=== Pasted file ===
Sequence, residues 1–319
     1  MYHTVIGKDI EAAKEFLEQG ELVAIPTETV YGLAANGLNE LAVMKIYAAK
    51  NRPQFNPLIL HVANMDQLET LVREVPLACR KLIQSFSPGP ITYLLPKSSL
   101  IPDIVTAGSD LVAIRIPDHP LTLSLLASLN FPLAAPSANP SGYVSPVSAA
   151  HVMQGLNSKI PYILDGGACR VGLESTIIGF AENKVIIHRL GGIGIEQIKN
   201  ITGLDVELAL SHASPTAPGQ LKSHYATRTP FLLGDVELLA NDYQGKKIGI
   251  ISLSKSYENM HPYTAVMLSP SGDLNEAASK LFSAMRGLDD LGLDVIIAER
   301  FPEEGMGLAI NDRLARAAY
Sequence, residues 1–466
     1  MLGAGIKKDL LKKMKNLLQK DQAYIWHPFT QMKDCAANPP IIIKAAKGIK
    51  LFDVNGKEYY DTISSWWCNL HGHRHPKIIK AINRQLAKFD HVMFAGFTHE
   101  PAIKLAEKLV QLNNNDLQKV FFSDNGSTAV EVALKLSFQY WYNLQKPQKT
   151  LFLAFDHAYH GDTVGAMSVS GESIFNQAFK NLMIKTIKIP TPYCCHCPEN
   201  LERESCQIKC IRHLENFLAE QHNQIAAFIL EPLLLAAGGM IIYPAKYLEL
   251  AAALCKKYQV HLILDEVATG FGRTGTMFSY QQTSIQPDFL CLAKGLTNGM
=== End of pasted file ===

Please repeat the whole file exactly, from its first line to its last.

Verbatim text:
Sequence, residues 1–319
     1  MYHTVIGKDI EAAKEFLEQG ELVAIPTETV YGLAANGLNE LAVMKIYAAK
    51  NRPQFNPLIL HVANMDQLET LVREVPLACR KLIQSFSPGP ITYLLPKSSL
   101  IPDIVTAGSD LVAIRIPDHP LTLSLLASLN FPLAAPSANP SGYVSPVSAA
   151  HVMQGLNSKI PYILDGGACR VGLESTIIGF AENKVIIHRL GGIGIEQIKN
   201  ITGLDVELAL SHASPTAPGQ LKSHYATRTP FLLGDVELLA NDYQGKKIGI
   251  ISLSKSYENM HPYTAVMLSP SGDLNEAASK LFSAMRGLDD LGLDVIIAER
   301  FPEEGMGLAI NDRLARAAY
Sequence, residues 1–466
     1  MLGAGIKKDL LKKMKNLLQK DQAYIWHPFT QMKDCAANPP IIIKAAKGIK
    51  LFDVNGKEYY DTISSWWCNL HGHRHPKIIK AINRQLAKFD HVMFAGFTHE
   101  PAIKLAEKLV QLNNNDLQKV FFSDNGSTAV EVALKLSFQY WYNLQKPQKT
   151  LFLAFDHAYH GDTVGAMSVS GESIFNQAFK NLMIKTIKIP TPYCCHCPEN
   201  LERESCQIKC IRHLENFLAE QHNQIAAFIL EPLLLAAGGM IIYPAKYLEL
   251  AAALCKKYQV HLILDEVATG FGRTGTMFSY QQTSIQPDFL CLAKGLTNGM